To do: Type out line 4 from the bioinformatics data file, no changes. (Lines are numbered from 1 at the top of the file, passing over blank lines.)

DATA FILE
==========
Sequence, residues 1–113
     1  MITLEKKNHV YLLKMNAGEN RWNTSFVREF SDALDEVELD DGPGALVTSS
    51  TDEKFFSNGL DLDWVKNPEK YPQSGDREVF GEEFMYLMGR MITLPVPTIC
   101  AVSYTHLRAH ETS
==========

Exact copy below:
   101  AVSYTHLRAH ETS